Russian and US spending in Syria differs more than you might think
After four weeks of bombing in the country, Russia has so far spent considerably less than the US on operations in Syria. (AFP/File)
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It doesn't take a newshound to know that Russia and the US have become two of the most pivotal players in the Syrian conflict, but less talked about is how much that engagement's costing each of them.
It's been over a year since the US began targeting Daesh (ISIS) positions in the country and at least that long since train-and-equip programs have supported vetted rebel groups battling the government of Syrian President Bashar al-Assad. The cost has been huge.
The US State Department's May numbers showed $244 billion had been spent in Daesh-related operations in Syria and Iraq since the first US strikes hit Iraq on August 8, 2014. As a
terrifying interesting display from Vocative showed back then, broken down, that number comes out to about $9 million a day, $371,000 an hour, $6,000 a minute, or $103 per second.
Presumably, that's before factoring in the $500 million train-and-equip program for Syrian rebels approved by Congress earlier this year. And it's definitely not counting the 50 US special operations forces US President Barack Obama is set to send into the country.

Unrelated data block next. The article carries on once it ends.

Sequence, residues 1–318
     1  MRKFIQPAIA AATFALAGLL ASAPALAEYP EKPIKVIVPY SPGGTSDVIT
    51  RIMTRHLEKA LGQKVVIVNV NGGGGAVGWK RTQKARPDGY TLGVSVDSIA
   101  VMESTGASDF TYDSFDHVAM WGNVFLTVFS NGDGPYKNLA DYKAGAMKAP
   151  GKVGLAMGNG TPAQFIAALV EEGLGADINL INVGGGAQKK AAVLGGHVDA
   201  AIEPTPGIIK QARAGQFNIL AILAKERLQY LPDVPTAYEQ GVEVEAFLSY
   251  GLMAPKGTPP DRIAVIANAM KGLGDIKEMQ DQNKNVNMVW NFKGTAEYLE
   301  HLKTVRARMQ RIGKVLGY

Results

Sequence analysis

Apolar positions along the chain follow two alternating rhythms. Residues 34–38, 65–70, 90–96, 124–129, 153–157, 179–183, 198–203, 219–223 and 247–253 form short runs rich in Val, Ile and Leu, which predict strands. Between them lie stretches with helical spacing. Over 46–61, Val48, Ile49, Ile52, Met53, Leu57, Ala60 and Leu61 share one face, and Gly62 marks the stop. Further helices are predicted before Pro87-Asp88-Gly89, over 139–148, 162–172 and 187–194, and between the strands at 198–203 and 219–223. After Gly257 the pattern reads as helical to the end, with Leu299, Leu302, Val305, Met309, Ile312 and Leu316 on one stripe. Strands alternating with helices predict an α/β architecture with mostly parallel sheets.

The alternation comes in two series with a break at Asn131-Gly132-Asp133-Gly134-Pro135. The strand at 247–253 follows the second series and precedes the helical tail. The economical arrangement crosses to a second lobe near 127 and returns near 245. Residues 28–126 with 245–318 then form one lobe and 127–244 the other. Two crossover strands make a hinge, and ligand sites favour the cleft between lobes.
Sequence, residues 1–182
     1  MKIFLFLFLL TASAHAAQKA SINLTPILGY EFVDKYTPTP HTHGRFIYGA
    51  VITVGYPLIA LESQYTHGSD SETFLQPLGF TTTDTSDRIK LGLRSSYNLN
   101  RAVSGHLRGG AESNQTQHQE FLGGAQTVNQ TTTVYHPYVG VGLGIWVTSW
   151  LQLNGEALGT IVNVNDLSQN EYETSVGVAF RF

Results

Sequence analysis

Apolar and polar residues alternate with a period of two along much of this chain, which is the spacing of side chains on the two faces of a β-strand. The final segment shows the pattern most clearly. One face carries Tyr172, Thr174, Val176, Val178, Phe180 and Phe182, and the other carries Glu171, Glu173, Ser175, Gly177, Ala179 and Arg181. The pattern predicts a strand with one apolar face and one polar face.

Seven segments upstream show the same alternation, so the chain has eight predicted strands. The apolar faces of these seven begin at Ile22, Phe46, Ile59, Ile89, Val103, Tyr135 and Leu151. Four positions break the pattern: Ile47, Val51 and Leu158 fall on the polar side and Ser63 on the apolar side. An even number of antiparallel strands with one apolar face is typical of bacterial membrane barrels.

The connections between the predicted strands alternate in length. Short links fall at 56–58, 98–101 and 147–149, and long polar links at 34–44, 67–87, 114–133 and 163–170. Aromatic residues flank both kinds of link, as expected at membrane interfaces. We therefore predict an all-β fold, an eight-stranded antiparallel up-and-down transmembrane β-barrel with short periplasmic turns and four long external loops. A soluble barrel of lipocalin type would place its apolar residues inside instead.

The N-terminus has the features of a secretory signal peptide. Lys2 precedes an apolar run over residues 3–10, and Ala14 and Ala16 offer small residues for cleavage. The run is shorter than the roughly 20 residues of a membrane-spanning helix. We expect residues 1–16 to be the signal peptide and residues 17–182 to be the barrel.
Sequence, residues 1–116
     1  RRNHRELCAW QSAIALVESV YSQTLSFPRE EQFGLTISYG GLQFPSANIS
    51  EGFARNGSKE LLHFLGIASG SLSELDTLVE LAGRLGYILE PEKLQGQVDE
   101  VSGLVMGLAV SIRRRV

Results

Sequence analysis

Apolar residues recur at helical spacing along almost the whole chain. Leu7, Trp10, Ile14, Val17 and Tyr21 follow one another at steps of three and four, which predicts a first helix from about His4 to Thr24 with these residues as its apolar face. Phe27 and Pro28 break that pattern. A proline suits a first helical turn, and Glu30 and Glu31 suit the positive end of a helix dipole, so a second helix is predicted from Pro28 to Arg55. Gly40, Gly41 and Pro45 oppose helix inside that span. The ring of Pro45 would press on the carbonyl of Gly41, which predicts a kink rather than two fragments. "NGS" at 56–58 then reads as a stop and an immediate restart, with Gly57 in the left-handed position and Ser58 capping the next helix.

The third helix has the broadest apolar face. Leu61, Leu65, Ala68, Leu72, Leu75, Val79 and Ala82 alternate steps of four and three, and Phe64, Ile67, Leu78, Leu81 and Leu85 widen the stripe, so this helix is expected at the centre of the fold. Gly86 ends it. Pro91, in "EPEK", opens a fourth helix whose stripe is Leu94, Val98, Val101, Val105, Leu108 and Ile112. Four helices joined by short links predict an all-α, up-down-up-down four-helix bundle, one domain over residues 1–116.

A more recent count by Vocativ using Pentagon numbers showed the US now spends around $11 million a day on Daesh-related operations, with a total price tag of $4.75 billion since last August on Oct. 15.
So how does that differ from Russia? As it turns out, quite a bit.
A new report by Vocativ this week cited data collected from UK-based defense and intelligence firm IHS Jane’s which shows Russia spent around $120 million during the first four weeks of its bombing campaign in Syria. This includes air raids themselves, supply runs and the firing of more than two dozen cruise missiles into Syrian territory from the Caspian Sea early last month.
The total comes out to about $4.3 million a day—less than half as much as the US. Here's the breakdown. Via Vocativ.
Warships deployed in the Caspian Sea: $14,285
20 Helicopters: $60,000
Logistics, intelligence gathering, communications costs: $250,000
Ships in Mediterranean: $400,000
Military personnel: $440,000
36 warplanes: $842,400
Munition drops: $975,000
26 Cruise Missiles fired from Caspian Sea: $1.285 million
All this data is taken from just four weeks of bombings, so Russia still has plenty of time to catch up to the spending tally the US has run up over the last year. It's also important to note—the Pentagon's latest numbers reflect US operations in both Syria and Iraq, while Russia's tally is only in Syria. Moscow's numbers could climb if it begin operations in Iraq as well.
Plus, just like the US has supported various rebels groups over the last five years of the conflict, Moscow has supported Assad. So it's important to remember, a lot gets left out of official tallies—on both sides.
By Alisa Reznick
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